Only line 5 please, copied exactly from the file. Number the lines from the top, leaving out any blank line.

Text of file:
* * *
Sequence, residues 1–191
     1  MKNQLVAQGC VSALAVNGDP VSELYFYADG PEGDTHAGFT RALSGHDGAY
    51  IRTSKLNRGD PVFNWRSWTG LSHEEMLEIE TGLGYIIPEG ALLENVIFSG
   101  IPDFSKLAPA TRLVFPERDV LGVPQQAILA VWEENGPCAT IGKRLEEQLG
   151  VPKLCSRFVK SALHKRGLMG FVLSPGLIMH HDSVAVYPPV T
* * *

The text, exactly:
   151  VPKLCSRFVK SALHKRGLMG FVLSPGLIMH HDSVAVYPPV T